History of Esko and Suburban Rail Transport
Suburban and city rail transport as such was established at the beginning of the 20th century and is connected to the electrification of the Prague railway junction. However, massive development of suburban capacity rail occurred only in the 1970s in connection with the development of class 451 and 452 electrical train units known by the nickname “Pantograph”. These trains gradually became a symbol of the Prague railway and in their time represented a breakthrough in short-distance passenger transport. The lower floor, broad entry doors and interior arrangement allowed for unusually rapid boarding and disembarking of passengers which, along with these vehicles’ dynamic ride properties, helped to satisfy the growing demand for rail transport. In order to board the “Pantographs” more comfortably, it was necessary to reconstruct the platforms of all railway stations and stops. Capacity electrical units became the backbone on the main lines departing from Prague – to Kolín, Nymburk, Kralupy nad Vltavou, Beroun and Benešov. On these main lines, transport volumes gradually grew to necessitate trains running at 30-minute intervals during peak hours on weekdays. Insufficient capacity of the track network, especially on segments in Prague, prevented shorter intervals and in certain areas this is still a problem.
In the 1990s a modernisation of rail corridors was initiated which affected operations on individual lines.
Also in the late 1990s after several attempts with various prototypes, delivery began of new class 471 electrical units which are gradually taking over service from their older counterparts on the main lines. A concurrent programme has begun to modernise class 810 to 814 railcar units, known under the name Regionova. Regionova diesel units have already replaced most of the unsuitable older trains.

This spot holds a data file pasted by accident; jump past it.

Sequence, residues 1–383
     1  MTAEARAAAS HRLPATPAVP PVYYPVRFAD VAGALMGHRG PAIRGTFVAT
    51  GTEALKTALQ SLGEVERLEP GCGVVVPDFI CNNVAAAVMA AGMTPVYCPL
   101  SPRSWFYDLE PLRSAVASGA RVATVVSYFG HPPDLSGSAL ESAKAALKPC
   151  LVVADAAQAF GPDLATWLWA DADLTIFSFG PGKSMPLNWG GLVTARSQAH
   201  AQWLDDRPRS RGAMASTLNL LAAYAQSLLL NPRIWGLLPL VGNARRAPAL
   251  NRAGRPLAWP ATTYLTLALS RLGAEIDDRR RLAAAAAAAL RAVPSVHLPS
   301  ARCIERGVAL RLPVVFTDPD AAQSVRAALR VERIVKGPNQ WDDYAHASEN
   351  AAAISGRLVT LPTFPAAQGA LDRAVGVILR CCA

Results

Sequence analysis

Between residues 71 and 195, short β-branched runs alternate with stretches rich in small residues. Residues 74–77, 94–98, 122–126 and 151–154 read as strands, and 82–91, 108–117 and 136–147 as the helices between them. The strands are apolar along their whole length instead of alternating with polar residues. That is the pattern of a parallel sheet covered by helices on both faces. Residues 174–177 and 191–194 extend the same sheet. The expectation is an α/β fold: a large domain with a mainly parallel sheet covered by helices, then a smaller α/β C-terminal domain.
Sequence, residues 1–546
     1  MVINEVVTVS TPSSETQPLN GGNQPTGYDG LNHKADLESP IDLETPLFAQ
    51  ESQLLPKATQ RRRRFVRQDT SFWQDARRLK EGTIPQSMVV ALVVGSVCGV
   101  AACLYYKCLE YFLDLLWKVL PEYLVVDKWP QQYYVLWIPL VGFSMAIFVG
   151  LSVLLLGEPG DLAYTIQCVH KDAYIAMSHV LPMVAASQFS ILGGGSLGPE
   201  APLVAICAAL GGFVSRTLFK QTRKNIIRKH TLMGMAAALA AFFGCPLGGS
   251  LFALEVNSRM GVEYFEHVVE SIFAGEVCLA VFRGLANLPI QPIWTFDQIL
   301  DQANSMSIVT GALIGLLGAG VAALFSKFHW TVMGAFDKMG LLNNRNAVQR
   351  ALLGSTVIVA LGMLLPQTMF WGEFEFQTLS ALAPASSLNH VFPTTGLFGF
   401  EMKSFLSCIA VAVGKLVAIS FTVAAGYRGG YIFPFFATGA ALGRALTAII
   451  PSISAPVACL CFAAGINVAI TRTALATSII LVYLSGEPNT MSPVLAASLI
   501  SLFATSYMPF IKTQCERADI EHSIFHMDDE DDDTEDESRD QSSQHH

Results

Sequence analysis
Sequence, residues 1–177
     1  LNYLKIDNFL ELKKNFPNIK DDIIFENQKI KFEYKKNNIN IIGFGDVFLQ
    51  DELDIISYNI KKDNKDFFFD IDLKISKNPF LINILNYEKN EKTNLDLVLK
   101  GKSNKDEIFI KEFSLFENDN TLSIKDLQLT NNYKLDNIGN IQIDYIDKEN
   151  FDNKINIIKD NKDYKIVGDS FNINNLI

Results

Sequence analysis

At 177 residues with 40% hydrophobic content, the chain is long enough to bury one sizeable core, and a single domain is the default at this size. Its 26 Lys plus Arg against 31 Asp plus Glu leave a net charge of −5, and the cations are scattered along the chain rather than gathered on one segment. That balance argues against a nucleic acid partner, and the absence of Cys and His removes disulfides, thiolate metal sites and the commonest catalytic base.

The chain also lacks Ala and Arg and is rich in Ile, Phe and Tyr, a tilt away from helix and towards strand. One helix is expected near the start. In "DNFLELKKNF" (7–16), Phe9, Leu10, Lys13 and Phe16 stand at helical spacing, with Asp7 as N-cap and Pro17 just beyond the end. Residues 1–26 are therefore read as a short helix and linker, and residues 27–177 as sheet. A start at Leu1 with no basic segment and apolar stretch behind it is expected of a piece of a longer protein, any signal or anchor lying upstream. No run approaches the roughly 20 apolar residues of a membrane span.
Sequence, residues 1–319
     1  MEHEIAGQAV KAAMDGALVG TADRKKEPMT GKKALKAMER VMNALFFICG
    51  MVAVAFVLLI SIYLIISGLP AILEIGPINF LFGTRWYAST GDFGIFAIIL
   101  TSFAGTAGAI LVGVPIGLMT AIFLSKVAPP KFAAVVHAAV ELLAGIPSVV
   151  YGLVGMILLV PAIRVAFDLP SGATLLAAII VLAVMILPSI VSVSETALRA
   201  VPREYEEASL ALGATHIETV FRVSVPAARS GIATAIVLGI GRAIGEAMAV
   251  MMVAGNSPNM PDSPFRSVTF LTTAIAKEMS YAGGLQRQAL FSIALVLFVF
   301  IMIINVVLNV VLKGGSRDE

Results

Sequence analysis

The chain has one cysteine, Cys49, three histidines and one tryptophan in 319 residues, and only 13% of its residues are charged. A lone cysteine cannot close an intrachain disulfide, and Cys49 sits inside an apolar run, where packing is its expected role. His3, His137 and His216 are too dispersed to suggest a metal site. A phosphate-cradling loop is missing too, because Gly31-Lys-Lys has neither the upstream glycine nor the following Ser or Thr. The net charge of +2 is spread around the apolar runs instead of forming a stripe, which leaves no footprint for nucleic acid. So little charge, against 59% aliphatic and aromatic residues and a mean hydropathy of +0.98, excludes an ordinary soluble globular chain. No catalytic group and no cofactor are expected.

The most significant construction project for the future, however, was the New Connection, which resolved capacity problems between Prague Main Station and the stations Praha-Libeň, Praha-Vysočany and Praha-Holešovice. It also made possible the interconnection of all directions from Prague Main Station and Prague Masaryk Station.
The creation and development of Prague Integrated Transport (PID), however, formed the basis for city rail as such. Starting in 1992, PID gradually made it possible to use municipal public transport tickets on the railway. Initially this only applied to the territory of Prague, but as PID developed this was extended to segments outside Prague within c. 30 km from the city limits. Gradually the main lines were integrated which made it possible to use not only passes but also PID short-term transfer tickets.
The first expressly city rail link was today’s line S41 from Praha-Libeň to Roztoky u Prahy, which is enjoying greater and greater demand
The railway played what was perhaps its most significant role during the flooding in the summer of 2002. Due to the inundation of metro stations, Prague’s municipal transport system was significantly restricted, and thus the railway prematurely took on its role as the backbone of Prague transport. Trains were expanded to maximum capacity on existing lines and even the Malešice connection and the Braník Bridge routes were used. This demonstrated the significance of the Prague railway’s role as a fully-fledged component of Prague mass transport and also underscored the acute need for its modernisation.
The designation of the main suburban rail lines with the symbol “S” was officially launched in December 2007. The individual Esko lines were numbered counter-clockwise from S1 to S9, while connecting lines were designated with the numbers of the main lines which they connect, e.g. S12, S41.